In elementary school, I had many experiences that garnered memories. I was often bullied on the playground during recess because of my skinniness and height. The larger boys saw me as a target for their ego to inflate. They might have had problems at home, or were bullied themselves, and were projecting their frustrations on me.
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Anyways, after being locked in a locker, put headfirst into a toilet, punched and pushed around, called names, played jokes on, and other abuse, I finally had enough. I cracked. I could not psychologically take anymore hurt and punctures to my self-esteem.
A day or two after my birthday, I was on the school basketball court, shooting hoops. My mother had given me a basketball as a gift, and I was reveling in the fun of this new sport. But as expected (though I did not think about it at the time), another child started to bother me. He came up to me, and without a word, took the basketball out of my hands as I was dribbling. I was so shocked and emotionally tied to that gift that without a moment’s notice, I punched the kid in the face. I knocked him down and he immediately ran away crying. I never asked if he was playfully taking the ball from me, but I had had enough bullying in my day to react strongly to such an action.
Apparently, the boy went to the principal and reported my violence. I was called to the principal’s office during my next class, and walked in with my own form of ethics. The boy had been a bully, and he deserved a repercussion. However, the principal and I did not see eye to eye, naturally. He called my mother about the incident, and she was surprised that I would do such a thing. I had always been the quiet kid, playing with toys by himself, or tagging along with other children as more of a witness than a major participant. No one’s mother expects their child to punch someone, but it happens for certain reasons. In my case, I had been dominated by my classmates for years, and that pent-up anger and shame resulted in a violent action.
From then on, I figured out that I did not need to be bullied. I could take action. I found that my anger and resentment gave me a wild strength, which was unmatched by the usual fighting powers of a calm kid. In a way, I went to the dark side (in reference to Star Wars). I found a way to combat my enemies, but not in the healthiest of avenues.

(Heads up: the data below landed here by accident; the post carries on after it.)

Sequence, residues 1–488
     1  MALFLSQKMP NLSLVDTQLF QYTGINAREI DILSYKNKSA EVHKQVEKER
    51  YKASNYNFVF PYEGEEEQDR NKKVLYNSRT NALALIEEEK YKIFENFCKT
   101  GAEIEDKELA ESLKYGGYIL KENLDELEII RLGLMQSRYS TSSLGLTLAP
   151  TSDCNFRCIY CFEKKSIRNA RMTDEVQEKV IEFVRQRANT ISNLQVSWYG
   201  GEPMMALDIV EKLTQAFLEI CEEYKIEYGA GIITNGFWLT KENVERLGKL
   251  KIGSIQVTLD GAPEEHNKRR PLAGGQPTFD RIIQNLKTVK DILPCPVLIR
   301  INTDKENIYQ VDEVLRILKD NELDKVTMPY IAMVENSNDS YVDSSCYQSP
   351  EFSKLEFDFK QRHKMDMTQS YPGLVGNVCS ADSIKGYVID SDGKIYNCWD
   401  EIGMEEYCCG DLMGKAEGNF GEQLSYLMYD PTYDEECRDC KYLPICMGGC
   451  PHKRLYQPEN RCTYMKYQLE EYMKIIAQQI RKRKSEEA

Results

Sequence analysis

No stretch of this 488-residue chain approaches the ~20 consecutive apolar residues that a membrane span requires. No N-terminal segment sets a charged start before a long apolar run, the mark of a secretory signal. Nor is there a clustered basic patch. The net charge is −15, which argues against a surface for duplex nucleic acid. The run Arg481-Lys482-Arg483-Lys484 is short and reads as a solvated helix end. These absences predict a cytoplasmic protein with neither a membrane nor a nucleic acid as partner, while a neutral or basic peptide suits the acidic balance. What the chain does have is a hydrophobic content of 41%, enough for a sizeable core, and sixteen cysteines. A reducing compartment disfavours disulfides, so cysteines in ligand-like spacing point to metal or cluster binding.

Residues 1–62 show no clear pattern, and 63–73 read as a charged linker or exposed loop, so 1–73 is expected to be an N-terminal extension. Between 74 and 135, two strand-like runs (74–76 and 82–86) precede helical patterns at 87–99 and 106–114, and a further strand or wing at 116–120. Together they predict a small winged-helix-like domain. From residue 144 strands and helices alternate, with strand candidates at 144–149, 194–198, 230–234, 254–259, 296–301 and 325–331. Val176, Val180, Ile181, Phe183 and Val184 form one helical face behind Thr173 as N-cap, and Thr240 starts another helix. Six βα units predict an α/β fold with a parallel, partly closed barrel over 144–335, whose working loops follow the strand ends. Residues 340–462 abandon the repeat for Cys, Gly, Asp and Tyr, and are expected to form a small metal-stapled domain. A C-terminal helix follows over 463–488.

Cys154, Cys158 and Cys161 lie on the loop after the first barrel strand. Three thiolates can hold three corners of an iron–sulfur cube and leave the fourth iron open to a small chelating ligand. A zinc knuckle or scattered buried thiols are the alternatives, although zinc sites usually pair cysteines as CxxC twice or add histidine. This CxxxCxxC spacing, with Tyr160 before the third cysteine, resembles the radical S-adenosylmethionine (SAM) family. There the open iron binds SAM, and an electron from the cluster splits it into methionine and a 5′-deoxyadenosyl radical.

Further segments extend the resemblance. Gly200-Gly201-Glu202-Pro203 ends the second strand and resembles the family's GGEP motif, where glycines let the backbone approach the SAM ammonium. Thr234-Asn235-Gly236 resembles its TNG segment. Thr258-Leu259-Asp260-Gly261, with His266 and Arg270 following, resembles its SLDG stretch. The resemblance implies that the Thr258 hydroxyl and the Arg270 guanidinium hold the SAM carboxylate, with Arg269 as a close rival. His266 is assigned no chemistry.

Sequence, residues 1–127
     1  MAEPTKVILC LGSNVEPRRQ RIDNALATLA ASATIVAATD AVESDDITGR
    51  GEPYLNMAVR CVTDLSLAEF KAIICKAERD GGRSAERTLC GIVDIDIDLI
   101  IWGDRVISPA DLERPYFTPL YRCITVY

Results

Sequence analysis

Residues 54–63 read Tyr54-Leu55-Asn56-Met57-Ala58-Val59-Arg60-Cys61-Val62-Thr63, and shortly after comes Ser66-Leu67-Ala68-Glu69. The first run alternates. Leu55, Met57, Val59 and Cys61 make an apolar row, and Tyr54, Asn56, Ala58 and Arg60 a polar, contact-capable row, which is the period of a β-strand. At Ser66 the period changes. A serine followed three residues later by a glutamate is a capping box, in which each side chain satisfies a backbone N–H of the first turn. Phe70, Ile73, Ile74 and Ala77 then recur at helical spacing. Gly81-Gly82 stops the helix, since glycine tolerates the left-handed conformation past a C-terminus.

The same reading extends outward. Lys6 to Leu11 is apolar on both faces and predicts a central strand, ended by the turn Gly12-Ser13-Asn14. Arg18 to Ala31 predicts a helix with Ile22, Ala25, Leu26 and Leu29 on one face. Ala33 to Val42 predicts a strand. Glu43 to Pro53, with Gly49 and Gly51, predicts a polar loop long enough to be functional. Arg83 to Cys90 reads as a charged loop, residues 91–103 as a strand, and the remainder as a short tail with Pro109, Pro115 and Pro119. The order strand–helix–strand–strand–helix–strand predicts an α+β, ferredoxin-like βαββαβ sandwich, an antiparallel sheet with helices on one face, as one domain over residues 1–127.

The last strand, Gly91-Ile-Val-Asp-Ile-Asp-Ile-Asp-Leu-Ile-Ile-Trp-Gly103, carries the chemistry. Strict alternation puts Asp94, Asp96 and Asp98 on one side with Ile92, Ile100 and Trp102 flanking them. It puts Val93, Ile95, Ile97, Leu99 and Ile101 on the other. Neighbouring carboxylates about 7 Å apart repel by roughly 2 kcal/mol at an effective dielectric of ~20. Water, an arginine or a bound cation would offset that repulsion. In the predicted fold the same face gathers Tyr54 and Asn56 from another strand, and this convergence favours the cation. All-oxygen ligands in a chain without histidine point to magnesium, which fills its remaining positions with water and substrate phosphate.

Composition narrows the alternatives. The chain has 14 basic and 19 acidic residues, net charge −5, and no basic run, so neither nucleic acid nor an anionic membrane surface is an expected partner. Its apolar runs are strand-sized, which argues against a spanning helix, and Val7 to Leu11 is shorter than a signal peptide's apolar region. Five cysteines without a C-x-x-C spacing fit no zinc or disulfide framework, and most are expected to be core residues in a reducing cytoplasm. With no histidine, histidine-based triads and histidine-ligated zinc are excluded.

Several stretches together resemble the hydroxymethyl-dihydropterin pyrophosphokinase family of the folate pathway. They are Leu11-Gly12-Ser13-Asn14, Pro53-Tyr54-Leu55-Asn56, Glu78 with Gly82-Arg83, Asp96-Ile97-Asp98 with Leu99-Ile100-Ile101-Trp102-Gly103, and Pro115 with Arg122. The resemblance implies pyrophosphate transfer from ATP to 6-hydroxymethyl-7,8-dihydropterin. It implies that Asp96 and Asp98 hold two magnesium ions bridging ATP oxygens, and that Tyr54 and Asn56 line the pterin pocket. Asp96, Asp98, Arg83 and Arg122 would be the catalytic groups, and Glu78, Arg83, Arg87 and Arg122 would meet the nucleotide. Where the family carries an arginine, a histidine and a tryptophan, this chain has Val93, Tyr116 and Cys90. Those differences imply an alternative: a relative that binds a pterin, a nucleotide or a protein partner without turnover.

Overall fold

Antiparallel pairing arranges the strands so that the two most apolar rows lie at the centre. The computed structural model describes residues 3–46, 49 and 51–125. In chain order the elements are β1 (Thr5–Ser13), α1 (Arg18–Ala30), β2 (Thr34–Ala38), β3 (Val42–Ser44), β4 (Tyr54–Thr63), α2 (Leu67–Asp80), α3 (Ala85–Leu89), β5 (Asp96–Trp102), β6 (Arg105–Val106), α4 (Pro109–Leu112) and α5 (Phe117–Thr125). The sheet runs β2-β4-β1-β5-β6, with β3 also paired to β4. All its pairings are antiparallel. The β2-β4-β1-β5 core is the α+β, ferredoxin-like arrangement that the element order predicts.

In middle school, I dug my nails into a boy’s arm and restrained him after he made several verbal attacks towards me. He was much bigger and taller than me, but my anger guided me towards illogic and throwing estimating my chances to the wind.
In high school, a junior beat up my twin brother. My brother and I were both freshmen at the time. When I saw him next, I choked him and even dragged him up to a light post, where I banged his head on a metal pole. His girlfriend was watching and was terrified. I do not know exactly what I had come over me, but from that time in elementary school where I first used my fists to resolve an issue, I did not look back. I had found a solution that made me feel strong, confident, and able to take on the world. However, there was one problem: it put holes in my bedroom door, it led to unnecessary attacks on my family, and I found that the sensation of not being able to control my anger troubling.
Thank heavens I started to meditate. By the time I was 19 years old, bullies were not a problem anymore, and I had no use for my boiling anger. When I started to meditate every day, I found that the person beyond the anger was much more agreeable to be around. I wanted to be more like that person every day. So, I continued to meditate daily, and eventually I became the person that I wanted to be. I learned that anger was a temporary solution, but I did not need to drag it on throughout the years. Now, I am much more satisfied to be peaceful inside.
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